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    Default Re: What Era had the Most Talented HeavyWeights?

    Quote Originally Posted by Master View Post
    You have said it the 1970's and 1990's were 1 and 2. Maybe late 60's 3rd.
    In terms of general appeal Dempsey era 1920's it was the pinnacle for audiences watching.
    Do not let success go to your head and do not let failure get to your heart.

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    Default Re: What Era had the Most Talented HeavyWeights?

    The 70s will always take it, and I can't argue, but my personal favourite era is the late 80s to the late 90s. I think it's a really underrated time. It had a lot of depth and an abundance of really solid contenders. The 90s really speak for themselves, but I think Tyson's era goes under appreciated. Tony Tucker was a fucking monster.

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    Default Re: What Era had the Most Talented HeavyWeights?

    Quote Originally Posted by Beanflicker View Post
    The 70s will always take it, and I can't argue, but my personal favourite era is the late 80s to the late 90s. I think it's a really underrated time. It had a lot of depth and an abundance of really solid contenders. The 90s really speak for themselves, but I think Tyson's era goes under appreciated. Tony Tucker was a fucking monster.
    Yes Tucker and Briggs would have been a great if it was not for Tyson.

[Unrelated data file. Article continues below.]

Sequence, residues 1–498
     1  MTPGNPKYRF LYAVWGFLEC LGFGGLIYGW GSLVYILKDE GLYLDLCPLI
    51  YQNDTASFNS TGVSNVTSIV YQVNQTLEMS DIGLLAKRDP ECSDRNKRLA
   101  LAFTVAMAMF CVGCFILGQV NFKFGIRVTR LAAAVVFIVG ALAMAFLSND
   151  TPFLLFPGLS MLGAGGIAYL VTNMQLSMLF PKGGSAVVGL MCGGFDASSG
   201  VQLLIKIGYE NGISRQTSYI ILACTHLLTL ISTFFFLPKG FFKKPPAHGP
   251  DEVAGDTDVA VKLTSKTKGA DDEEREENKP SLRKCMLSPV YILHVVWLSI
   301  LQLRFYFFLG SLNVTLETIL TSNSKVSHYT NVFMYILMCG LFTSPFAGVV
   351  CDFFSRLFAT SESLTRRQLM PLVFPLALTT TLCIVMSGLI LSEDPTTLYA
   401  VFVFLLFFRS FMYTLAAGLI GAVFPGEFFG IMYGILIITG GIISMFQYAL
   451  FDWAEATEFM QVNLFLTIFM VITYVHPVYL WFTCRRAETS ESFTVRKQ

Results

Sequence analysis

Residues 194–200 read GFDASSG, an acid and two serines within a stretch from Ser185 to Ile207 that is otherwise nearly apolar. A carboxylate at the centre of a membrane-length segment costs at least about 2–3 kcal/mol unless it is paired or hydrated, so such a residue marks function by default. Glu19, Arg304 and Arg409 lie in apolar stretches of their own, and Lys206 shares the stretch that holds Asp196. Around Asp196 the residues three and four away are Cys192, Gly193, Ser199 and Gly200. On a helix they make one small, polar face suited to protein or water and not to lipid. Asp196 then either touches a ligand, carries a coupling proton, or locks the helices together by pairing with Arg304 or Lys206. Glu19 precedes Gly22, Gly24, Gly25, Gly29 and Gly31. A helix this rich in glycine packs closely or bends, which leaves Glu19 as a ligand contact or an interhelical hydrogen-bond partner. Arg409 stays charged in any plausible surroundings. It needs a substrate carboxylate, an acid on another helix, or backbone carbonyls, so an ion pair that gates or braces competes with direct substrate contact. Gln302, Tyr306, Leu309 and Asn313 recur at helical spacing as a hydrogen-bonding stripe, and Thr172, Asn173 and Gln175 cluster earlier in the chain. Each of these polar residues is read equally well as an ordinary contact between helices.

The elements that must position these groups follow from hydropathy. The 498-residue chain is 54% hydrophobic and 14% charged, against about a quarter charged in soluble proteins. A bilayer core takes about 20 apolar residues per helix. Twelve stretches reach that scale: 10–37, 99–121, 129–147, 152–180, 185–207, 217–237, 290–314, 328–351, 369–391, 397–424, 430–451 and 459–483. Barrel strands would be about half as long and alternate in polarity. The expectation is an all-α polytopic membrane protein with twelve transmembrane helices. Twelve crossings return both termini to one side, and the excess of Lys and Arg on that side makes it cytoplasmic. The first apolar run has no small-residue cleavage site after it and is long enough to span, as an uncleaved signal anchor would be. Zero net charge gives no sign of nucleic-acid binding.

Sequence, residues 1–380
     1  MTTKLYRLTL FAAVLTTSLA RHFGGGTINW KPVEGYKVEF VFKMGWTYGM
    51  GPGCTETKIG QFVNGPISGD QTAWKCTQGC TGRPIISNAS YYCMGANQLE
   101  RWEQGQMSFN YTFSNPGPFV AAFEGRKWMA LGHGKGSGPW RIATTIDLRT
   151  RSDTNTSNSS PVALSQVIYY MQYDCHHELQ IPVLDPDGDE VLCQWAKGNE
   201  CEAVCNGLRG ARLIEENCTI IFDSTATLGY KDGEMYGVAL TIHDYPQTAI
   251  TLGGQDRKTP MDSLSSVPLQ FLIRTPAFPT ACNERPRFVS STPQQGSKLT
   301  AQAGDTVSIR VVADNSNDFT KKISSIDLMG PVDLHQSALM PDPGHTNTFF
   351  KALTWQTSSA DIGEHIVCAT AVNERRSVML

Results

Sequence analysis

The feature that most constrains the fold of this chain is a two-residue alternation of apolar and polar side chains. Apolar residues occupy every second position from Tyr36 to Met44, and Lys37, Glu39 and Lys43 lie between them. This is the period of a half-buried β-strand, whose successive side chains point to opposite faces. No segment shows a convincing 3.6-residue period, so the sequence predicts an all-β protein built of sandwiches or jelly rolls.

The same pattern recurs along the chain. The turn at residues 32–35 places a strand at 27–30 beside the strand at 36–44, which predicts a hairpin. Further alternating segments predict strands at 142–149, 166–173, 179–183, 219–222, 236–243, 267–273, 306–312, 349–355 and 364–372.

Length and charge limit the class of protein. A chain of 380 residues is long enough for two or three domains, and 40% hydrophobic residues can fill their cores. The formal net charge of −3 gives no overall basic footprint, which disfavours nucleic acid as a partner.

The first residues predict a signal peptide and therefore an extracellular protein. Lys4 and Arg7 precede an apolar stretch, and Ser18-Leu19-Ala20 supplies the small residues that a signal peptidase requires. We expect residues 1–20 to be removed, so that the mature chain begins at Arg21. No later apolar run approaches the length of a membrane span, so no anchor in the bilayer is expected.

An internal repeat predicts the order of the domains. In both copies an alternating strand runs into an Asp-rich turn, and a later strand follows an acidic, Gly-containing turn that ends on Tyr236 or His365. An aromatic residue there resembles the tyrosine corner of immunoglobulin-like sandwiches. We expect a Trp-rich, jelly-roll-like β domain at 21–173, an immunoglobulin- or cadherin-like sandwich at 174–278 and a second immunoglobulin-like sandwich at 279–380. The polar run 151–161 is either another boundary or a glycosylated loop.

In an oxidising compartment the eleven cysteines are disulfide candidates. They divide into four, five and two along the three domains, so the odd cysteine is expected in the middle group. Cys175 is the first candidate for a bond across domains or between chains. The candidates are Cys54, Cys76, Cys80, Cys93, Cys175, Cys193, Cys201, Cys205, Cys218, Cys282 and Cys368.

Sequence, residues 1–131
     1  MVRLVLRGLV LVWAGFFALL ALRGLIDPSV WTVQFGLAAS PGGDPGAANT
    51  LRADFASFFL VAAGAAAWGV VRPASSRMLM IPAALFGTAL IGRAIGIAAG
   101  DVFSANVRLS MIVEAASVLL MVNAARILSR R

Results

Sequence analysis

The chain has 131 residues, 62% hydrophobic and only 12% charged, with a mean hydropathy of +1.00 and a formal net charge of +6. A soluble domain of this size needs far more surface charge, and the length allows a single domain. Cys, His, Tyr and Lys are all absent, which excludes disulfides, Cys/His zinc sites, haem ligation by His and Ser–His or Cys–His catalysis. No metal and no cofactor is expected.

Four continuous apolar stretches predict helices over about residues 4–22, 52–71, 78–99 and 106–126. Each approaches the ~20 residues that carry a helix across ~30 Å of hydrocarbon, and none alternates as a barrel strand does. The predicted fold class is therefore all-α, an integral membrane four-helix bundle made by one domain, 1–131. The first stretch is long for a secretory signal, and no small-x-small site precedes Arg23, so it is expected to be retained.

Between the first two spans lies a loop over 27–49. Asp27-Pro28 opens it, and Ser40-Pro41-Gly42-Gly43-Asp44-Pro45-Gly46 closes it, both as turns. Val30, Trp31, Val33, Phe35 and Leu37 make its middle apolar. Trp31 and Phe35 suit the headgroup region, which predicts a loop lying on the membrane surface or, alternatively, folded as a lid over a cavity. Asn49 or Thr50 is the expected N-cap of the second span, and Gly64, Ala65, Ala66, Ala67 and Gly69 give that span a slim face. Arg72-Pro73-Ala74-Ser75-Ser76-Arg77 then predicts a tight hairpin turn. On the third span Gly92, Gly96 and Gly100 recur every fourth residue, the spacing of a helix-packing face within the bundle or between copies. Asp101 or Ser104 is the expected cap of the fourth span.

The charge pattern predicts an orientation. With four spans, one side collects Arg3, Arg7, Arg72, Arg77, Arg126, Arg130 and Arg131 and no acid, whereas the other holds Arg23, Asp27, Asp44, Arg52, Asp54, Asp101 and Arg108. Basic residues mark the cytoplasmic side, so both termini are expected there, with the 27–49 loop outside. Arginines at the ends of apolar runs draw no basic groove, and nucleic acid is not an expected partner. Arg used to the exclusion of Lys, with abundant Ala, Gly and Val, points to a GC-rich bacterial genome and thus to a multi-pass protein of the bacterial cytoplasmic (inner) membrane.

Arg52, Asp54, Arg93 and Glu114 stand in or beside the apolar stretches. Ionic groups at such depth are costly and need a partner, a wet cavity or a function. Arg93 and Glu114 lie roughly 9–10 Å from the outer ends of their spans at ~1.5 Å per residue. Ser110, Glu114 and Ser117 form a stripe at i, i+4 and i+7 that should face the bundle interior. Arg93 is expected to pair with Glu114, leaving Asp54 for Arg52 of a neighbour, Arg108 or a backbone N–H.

Do not let success go to your head and do not let failure get to your heart.

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    Default Re: What Era had the Most Talented HeavyWeights?

    Quote Originally Posted by Master View Post
    Quote Originally Posted by Beanflicker View Post
    The 70s will always take it, and I can't argue, but my personal favourite era is the late 80s to the late 90s. I think it's a really underrated time. It had a lot of depth and an abundance of really solid contenders. The 90s really speak for themselves, but I think Tyson's era goes under appreciated. Tony Tucker was a fucking monster.
    Yes Tucker and Briggs would have been a great if it was not for Tyson.
    Is this a joke?

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    Default Re: What Era had the Most Talented HeavyWeights?

    Quote Originally Posted by Beanflicker View Post
    The 70s will always take it, and I can't argue, but my personal favourite era is the late 80s to the late 90s. I think it's a really underrated time. It had a lot of depth and an abundance of really solid contenders. The 90s really speak for themselves, but I think Tyson's era goes under appreciated. Tony Tucker was a fucking monster.
    Agree, except the 80's- IMO that was the era of passing the HW belt.
    Berbick, Tubbs, Tucker, Bonecrusher Smith, Tillis, Ferguson.
    A CW looking Marvis Frazier, an (i can only fight well in the amatuer) Tyrrell Biggs
    Tyson took those belts like candy from a blind baby & defeated them like it was a walk in the park.